By Tim Cross, member and ad hoc neighbor group coordinator for speed reduction in Tahoe Donner
In case you weren’t aware, Tahoe Donner is suffering from an epidemic of speeding drivers. Both local and out of town residents are in too much of a hurry and we need to focus on slowing down on our roadways. We all have busy lives and places we need to get to but it is most important to arrive safely and drive slower for the safety of our neighbors.
According to Director of Risk Management, Annie Rosenfeld, “Many part-time and full-time owners have reported increased speeding incidents in Tahoe Donner. These members are taking a stand and hope through increased communication, fellow members and their guests will slow down and consider the 25 and 35 mph speed zones in Tahoe Donner. Most vehicles these days are automatics and as such, unless there is active downshifting from drive to a lower gear, vehicles quickly accelerate and easily exceed the speed limits. Additionally, much of Tahoe Donner is hilly, thus creating an active braking situation unless a driver consciously downshifts to aid in reducing speed as it accelerates downhill.”
As a once part-time resident, now full-time, let me put forth scenarios many of us have experienced. It’s Friday night and it is the end of a long work week. The drive up to Truckee has been long and horrendous. If only we could get there quicker. Or, it’s Monday morning and there is a feeling of a need to speed to make it on time.
Sound familiar? No doubt we’ve all been in these situations. Residents and visitors alike need to consider the possible consequences of our driving behavior. In particular, are we conscious of the vehicle speed along with distractions such as the cell phone and GPS unit in the vehicle.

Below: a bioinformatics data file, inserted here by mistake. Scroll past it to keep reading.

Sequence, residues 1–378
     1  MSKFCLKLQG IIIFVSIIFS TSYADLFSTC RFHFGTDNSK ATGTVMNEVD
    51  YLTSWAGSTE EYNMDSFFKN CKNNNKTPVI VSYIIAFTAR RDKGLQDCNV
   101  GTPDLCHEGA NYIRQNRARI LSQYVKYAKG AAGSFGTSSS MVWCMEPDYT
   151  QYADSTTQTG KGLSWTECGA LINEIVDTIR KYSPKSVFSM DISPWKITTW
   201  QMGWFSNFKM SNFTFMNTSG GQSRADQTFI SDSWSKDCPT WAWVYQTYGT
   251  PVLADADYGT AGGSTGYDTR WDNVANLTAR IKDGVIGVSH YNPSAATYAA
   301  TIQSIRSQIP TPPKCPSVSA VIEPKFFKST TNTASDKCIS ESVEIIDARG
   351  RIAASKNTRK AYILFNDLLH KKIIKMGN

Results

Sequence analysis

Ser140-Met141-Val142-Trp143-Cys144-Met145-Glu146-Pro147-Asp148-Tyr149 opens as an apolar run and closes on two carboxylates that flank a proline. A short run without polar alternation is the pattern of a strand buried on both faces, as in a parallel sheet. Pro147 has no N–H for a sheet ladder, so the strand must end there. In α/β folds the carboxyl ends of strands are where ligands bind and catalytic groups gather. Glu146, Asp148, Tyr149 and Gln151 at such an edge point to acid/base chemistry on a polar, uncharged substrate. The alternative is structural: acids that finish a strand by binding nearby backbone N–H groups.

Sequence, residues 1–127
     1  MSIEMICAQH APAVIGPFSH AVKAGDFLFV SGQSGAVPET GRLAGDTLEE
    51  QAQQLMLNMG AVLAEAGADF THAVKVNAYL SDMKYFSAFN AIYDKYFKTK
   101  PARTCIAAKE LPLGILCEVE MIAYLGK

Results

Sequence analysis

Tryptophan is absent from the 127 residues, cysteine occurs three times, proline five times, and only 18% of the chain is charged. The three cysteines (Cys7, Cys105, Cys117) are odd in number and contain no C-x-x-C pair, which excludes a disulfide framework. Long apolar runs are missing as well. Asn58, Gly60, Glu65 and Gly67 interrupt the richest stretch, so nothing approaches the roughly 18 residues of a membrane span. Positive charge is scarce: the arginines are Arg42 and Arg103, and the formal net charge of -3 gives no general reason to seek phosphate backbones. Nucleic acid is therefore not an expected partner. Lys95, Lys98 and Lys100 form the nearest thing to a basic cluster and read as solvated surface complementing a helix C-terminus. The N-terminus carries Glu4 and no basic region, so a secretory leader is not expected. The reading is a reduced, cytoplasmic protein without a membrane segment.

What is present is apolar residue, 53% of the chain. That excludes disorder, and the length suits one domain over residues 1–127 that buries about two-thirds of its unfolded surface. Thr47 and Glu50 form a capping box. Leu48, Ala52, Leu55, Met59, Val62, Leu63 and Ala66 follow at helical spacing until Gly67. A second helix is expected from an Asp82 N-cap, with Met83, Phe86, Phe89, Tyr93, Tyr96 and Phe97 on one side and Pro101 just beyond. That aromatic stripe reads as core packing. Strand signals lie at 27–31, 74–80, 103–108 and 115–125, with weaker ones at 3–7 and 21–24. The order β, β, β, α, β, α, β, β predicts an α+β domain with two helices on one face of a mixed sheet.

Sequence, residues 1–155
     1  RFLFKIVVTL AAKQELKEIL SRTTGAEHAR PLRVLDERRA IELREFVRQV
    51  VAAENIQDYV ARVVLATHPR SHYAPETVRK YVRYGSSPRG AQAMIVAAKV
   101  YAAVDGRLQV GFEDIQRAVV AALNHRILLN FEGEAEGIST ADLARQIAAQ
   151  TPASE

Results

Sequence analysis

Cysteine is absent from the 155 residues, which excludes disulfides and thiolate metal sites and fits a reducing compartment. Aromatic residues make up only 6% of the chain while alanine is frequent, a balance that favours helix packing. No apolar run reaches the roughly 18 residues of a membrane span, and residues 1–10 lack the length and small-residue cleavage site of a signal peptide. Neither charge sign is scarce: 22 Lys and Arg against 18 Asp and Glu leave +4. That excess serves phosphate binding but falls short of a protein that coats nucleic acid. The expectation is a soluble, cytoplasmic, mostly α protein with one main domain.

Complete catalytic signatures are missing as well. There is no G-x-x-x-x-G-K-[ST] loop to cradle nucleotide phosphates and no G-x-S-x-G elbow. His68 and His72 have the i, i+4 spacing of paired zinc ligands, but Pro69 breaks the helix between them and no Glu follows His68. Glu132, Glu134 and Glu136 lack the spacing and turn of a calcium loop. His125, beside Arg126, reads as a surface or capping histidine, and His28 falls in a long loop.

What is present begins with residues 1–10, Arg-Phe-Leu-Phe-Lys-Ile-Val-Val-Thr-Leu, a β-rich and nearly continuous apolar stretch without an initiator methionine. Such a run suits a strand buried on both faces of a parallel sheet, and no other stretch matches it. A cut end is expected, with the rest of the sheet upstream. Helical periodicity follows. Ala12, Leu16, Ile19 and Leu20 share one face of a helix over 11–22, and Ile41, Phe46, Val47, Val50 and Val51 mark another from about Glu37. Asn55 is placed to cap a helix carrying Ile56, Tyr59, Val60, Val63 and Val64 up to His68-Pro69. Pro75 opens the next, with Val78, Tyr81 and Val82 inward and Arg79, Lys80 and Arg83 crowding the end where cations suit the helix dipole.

Someone’s beloved dog naively walks out into the street and is struck down and killed. A cat is desperate to make it home across the street and is also killed. A deer innocently steps out onto the road and is mowed down and later has to be put down. Worst case scenarios you say. My friend’s dog was killed a little over a year ago in front of his home. I saw a dead cat lying on the side of the road just a week ago and today I heard word of a beautiful four-point buck with velvet antlers that was struck down. All were killed by people speeding on Northwoods Boulevard and streets like Alder Creek Road, Stockholm, etc.
These are some of the more obvious consequences of driving too fast. Less obvious impacts include noise and possibly ruining your neighbor’s experience who are here to enjoy the serenity of the mountains.
So it is with hope that I ask that all of you slow down. Please be considerate and thoughtful of all of your neighbors wherever you may live. We all want to enjoy everything that Tahoe Donner has to offer and we can accomplish this if we change our mindset about speeding. Please Slow It Down and Relax.
What else can we as a community do to protect the nature of the community, as well as our loved ones? You can communicate to your neighbors that you consider this a serious issue. You can also engage the local law enforcement representatives to ensure appropriate traffic enforcement through frequent conversations and provide direct feedback to them. According to Rosenfeld, “The Truckee Police are very cognizant of the residential street excessive speeds. Last year as requested by Tahoe Donner and various members, the police increased their presence within the community during the busy peak summer season. The same request was made earlier this summer, by Tahoe Donner members in the community and the Truckee Town Council. Three out of the five members of the Truckee Town Council live in Tahoe Donner, thus they often experience this issue as well.” Rosenfeld encourages members to communicate concerns directly to both the police department and town council — your local representatives who have the authority to enforce on the public streets of Tahoe Donner.
This summer is prime with recreating in this fantastic community and region, and we are shortly turning the corner for school to be in session, which means children walking to and from school bus stops. Now is the time to adjust our driving behavior to further resident safety and enjoying this wonderful place. Join me and many other members in the endeavor to slow down.